by | May 11, 2022

I’m still relatively new at this whole Dad thing, but with 7 Christmas’s under my belt, I thought I had gotten the hang of things. All that changed when my 8 year old daughter, Layla, asked Santa for a pair of Nike Air Jordans. That’s a $150 pair of basketball shoes for those out of the loop.

Me “Do you even know who Air Jordan is?”

Layla “Yes, you made us watch that TV show about how he won all of the championships.”

Me “How do you even know about these shoes?”

Layla “Gabby Durran wears them. She’s a sneaker head.” (Gabby Durran is a Disney TV character)


It was at that point that the cultural significance of the Jordan brand really sunk in. Nike, via a Disney Channel product placement had managed to convince my 8 year old that something was cool and in doing so, walked me right into a Kobayashi Maru scenario.

Logically, this is an incredibly easy problem to solve. No eight year old NEEDS $150 sneakers, but this isn’t a logical problem.

People have a baggage. I have it, You have it. Your neighbor has it, and their neighbors have it too. Your baggage are those little experiences that live rent free in your head and have influence over all of your illogical decisions. My baggage, as it pertains to this story is that 30+ years ago, I was the young kid asking my parents for Air Jordans.

It was 1989 and at the tender age of ten, I didn’t know much, but I understood the social cred awarded to the kids with the cool kicks. The only kid from my 3rd grade class that I remember by name is Stoker Wallsmith, and it’s because he was the only kid in the class with a pair of Nike Air Jordans. The Air Jordan IV to be exact. It was decades before the word “influencer” would become a household word, and even then I could recognize the concept of something being a status symbol. Air Jordan’s were cool and Stoker Wallsmith had Air Jordans, so via the transitive property, Stoker Wallsmith was a cool kid.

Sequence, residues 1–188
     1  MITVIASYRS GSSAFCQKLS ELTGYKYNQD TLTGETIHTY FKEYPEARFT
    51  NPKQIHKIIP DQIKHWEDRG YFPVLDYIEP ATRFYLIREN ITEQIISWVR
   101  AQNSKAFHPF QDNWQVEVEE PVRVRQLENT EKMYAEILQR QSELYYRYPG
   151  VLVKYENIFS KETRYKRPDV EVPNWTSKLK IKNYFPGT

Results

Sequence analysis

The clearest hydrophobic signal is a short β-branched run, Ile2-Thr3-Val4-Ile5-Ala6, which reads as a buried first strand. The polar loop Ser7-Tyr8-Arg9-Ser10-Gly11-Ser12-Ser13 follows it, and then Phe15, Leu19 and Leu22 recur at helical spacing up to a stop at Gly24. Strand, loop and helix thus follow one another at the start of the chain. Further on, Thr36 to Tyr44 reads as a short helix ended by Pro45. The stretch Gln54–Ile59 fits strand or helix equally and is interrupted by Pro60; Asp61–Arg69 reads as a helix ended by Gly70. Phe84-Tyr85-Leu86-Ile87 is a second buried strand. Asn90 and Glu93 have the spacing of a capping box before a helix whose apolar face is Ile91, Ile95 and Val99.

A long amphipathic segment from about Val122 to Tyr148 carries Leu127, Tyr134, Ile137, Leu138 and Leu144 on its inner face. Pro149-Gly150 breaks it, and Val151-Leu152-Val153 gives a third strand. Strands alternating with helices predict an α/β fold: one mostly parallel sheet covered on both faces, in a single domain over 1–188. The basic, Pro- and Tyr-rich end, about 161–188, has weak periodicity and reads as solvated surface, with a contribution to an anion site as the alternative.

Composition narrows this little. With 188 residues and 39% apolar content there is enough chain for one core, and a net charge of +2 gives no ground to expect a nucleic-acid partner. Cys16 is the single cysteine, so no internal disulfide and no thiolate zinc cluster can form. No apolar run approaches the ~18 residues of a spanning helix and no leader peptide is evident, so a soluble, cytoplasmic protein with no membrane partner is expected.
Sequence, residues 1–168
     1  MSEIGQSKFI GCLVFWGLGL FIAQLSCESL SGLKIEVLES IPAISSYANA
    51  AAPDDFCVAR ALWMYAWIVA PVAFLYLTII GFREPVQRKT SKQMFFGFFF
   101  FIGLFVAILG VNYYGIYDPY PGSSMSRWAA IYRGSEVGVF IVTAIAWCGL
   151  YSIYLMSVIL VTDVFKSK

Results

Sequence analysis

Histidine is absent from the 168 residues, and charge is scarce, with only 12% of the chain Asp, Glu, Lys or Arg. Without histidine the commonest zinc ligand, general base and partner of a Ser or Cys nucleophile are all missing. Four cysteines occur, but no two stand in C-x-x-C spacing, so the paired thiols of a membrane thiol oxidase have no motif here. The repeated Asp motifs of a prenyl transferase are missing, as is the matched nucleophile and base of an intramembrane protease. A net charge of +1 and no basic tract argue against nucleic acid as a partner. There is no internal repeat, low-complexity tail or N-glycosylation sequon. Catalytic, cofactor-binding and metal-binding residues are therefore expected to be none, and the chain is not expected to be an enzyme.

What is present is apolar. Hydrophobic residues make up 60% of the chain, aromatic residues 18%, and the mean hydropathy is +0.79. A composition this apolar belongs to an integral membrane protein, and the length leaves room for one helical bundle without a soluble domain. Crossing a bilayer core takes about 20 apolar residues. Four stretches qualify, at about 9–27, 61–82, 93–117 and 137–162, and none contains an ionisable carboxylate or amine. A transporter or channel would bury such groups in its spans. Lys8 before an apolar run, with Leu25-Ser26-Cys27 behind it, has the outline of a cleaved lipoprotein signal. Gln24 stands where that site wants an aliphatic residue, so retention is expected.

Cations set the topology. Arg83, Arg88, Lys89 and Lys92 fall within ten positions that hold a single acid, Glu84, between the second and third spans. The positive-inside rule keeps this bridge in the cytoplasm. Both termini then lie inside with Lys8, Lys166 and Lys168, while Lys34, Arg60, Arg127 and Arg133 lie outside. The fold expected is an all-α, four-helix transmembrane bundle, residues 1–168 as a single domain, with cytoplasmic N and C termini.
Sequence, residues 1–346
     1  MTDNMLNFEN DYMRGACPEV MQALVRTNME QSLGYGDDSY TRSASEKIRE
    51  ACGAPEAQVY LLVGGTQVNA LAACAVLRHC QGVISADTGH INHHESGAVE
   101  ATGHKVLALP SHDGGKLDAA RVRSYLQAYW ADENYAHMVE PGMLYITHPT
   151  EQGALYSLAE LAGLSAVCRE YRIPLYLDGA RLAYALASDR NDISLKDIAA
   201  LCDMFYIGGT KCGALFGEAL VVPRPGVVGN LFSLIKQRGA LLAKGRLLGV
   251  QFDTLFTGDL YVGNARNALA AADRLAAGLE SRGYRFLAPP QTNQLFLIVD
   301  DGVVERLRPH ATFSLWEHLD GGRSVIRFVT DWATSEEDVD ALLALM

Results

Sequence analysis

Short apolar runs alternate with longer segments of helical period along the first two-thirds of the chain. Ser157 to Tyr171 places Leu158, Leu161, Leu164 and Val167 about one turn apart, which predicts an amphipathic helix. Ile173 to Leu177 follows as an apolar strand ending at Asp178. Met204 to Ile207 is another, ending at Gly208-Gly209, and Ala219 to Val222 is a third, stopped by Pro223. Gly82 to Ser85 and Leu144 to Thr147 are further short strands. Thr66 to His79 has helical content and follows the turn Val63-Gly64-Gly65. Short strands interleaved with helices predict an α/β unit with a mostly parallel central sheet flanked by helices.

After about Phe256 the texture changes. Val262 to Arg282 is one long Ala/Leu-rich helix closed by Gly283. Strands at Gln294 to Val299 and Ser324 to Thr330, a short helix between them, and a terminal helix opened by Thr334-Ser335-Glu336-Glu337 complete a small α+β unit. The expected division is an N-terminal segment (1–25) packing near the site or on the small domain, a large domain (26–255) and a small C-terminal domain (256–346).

The next year we moved and I had to change schools. Everything was different. New city, new builing, new classmates, but the one thing that remained the same was that you could identify the “cool kids” by the sneakers that they were wearing. I always gravitated towards the kids with the cool shoes. By now, the Jordan 5 had been released and it was Brian Bozeman that had them. Then in 5th grade it was David Zulich with the Jordan 6’s. Seriously… This is what I remember about being a kid.

In the early 90’s, the kids like me, playing basketball in their driveways well after the sun had already gone down, tongues hanging out of their mouths while attempting their own, often pathetic, version of the “Jumpman logo” signature dunk, all wanted to “Be Like Mike”. We wanted the shoes, but it wasn’t just about running faster or jumping higher. It was as much a fashion statement as it was coolness by association. These shoes were everywhere. From the musicians in the MTV music videos to the actors on your favorite television shows, Nike’s Air Jordan brand had successfully transcended the basketball court and cemented itself in history as pillar of popular culture.

Try as I may, and belive me… I tried. I was never able to convince my parents to buy me a pair of those sneakers. I always had cool shoes, but never Air Jordans. To my parents credit, I turned out just fine. They knew I didn’t need a pair shoes to make friends, and I certianly didn’t need them to support my burgeoning basketball career. Buying a young kid a pair of expensive shoes that they’re going to grow out of before they’re worn in, is a losing proposition.  It’s completely illogical.

Which brings us back to the point. This was never a logical problem. This was about me making an emotional purchasing decision. It was about me… I mean Santa. wanting Layla to have something that I never had as a kid. Hell, I was almost 40 before I finally treated my self to a pair.

As you’ve probably concluded, Layla got the shoes for Christmas and she loved them. Santa for the win!  I’d be lying if I said I didn’t cringe a little bit, 6 months later when she said they were getting a little tight, but as a Dad, it can be difficult to find common ground with your kids, especially as they get older.  So now this is kind of “Our Thing”. She wears her Jordan’s, and I wear mine.